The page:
To keep the distance between the transducing head and the magnetic media constant, PTR should not change significantly with temperature. If TPTR is large, then the spacing between the transducer and the media will change significantly with temperature, thereby requiring that the low temperature fly height be enough to accommodate the higher operating temperatures. On the other hand, if TPTR is close to zero, the low temperature fly height can be reduced.

In typical transducing heads, the magnetic shields are made of Permalloy, in particular a NiFe alloy with a composition close to 20% Fe–80% Ni. Permalloy is nearly ideal shielding material with very high permability and nearly zero magnetostriction. However, Permalloy has a large CTE, between 12 and 1310−6/ C. Large thermal expansion of the shields, in comparison to the AlTiC substrate, is a major contributor to TPTR. Without drastic reduction of TPTR, disc drives with such transducing heads cannot operate at areal density around and above 100 Gb/inch2. Other prior art solutions for reducing the shield contribution to TPTR include (a) using a smaller shield, (b) using a thinner shield, or (c) manufacturing the shield with another magnetic material having a low CTE, such as 45/55 NiFe. These known solutions only partially reduce TPTR and oftentimes result in transducing heads having deteriorated magnetic performance.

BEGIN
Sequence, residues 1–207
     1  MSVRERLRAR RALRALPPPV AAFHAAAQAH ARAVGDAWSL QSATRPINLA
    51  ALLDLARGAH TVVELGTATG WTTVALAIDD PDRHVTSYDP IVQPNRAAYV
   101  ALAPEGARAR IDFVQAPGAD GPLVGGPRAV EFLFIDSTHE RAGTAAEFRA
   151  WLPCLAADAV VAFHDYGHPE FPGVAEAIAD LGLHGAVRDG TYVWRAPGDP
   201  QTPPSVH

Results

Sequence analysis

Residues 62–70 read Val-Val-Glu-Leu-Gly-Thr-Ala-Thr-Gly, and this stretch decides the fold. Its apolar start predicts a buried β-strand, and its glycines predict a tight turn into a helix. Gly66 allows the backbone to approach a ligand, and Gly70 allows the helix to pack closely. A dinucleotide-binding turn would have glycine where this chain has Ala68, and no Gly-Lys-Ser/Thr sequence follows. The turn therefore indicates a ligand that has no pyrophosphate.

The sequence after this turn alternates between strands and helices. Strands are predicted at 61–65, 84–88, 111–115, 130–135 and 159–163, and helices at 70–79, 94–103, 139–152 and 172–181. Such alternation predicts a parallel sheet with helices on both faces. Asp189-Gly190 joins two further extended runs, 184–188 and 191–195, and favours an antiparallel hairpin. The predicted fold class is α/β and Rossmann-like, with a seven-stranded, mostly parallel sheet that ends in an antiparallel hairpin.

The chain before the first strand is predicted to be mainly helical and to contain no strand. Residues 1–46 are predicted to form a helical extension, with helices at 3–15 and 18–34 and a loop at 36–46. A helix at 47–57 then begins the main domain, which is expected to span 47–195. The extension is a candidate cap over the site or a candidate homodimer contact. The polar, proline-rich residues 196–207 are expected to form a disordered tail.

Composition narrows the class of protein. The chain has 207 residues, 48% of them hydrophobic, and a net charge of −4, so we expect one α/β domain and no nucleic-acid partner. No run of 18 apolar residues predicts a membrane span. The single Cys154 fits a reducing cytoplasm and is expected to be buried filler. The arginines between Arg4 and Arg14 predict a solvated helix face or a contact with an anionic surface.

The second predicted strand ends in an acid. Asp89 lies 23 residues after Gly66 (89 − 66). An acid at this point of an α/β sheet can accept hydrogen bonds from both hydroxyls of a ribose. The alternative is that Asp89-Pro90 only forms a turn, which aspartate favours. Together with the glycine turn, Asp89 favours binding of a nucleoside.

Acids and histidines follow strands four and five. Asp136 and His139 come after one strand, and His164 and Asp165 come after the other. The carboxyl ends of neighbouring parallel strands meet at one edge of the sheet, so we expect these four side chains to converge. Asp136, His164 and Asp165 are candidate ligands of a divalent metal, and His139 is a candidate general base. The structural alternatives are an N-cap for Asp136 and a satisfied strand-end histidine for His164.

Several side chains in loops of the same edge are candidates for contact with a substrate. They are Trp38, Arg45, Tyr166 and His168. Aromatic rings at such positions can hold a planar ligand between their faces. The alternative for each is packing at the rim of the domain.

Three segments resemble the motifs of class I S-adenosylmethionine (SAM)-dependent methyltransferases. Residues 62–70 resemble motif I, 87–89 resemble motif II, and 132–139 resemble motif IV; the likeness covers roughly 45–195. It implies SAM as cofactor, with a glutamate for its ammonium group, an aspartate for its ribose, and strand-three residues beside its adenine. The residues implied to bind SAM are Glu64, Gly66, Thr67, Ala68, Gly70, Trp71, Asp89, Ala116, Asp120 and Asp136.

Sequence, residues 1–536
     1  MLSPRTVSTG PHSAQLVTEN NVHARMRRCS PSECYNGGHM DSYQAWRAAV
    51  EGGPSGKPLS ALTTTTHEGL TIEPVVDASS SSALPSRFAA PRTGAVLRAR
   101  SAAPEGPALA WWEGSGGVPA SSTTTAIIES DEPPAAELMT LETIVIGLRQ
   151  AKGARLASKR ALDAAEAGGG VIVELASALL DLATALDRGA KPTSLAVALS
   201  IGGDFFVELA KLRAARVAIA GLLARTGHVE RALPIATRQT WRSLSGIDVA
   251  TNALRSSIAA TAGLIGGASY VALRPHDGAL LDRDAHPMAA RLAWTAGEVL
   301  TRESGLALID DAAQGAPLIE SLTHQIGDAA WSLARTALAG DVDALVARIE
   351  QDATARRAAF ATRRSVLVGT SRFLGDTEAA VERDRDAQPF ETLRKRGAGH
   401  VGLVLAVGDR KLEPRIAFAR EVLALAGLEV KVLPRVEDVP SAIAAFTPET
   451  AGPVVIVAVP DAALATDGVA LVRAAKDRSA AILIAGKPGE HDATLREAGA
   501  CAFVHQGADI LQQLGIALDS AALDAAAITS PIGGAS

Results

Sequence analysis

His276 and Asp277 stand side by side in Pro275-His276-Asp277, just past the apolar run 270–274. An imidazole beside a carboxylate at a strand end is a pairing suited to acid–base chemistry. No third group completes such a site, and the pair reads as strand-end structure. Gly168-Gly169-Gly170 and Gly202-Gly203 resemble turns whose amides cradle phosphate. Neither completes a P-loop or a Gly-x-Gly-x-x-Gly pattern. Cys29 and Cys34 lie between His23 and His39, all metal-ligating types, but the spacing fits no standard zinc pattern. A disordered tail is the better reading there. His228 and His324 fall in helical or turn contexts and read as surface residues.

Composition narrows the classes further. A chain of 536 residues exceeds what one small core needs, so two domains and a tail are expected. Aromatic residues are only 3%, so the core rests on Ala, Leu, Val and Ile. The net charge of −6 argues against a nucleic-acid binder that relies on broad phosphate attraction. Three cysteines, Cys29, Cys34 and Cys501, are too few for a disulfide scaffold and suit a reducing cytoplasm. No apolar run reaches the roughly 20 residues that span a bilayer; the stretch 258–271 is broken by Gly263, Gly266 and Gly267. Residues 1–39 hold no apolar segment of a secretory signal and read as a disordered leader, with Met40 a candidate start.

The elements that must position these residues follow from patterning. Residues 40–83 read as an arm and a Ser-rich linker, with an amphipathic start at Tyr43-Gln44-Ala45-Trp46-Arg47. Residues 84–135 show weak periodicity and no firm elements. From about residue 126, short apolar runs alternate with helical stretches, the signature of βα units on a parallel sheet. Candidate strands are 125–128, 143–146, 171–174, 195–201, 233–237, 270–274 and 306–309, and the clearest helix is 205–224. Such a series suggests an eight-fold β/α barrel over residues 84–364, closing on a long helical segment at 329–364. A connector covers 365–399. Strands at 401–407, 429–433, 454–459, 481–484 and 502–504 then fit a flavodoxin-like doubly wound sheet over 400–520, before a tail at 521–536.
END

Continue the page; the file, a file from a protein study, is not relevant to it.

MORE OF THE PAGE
The present invention is a transducing head structure that reduces the TPTR of magnetic shields when the transducing head is operated at high temperatures.

BRIEF SUMMARY OF THE INVENTION